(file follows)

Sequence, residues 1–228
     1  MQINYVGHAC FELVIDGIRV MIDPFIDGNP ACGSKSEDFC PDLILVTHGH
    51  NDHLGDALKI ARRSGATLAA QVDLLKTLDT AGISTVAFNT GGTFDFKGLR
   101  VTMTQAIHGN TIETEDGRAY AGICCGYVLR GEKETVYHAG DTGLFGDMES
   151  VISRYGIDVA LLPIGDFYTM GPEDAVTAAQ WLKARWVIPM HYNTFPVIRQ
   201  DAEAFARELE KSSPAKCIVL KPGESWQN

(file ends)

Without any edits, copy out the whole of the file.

Sequence, residues 1–228
     1  MQINYVGHAC FELVIDGIRV MIDPFIDGNP ACGSKSEDFC PDLILVTHGH
    51  NDHLGDALKI ARRSGATLAA QVDLLKTLDT AGISTVAFNT GGTFDFKGLR
   101  VTMTQAIHGN TIETEDGRAY AGICCGYVLR GEKETVYHAG DTGLFGDMES
   151  VISRYGIDVA LLPIGDFYTM GPEDAVTAAQ WLKARWVIPM HYNTFPVIRQ
   201  DAEAFARELE KSSPAKCIVL KPGESWQN